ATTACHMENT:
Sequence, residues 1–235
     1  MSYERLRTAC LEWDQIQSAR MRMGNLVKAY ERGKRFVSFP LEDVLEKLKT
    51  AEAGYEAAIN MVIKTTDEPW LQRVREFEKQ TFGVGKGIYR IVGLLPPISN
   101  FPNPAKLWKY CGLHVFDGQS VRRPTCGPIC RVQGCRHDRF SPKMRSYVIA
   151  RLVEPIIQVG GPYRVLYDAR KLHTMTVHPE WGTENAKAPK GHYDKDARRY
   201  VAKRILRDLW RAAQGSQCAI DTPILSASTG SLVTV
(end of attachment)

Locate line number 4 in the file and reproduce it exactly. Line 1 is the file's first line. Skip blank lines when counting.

   101  FPNPAKLWKY CGLHVFDGQS VRRPTCGPIC RVQGCRHDRF SPKMRSYVIA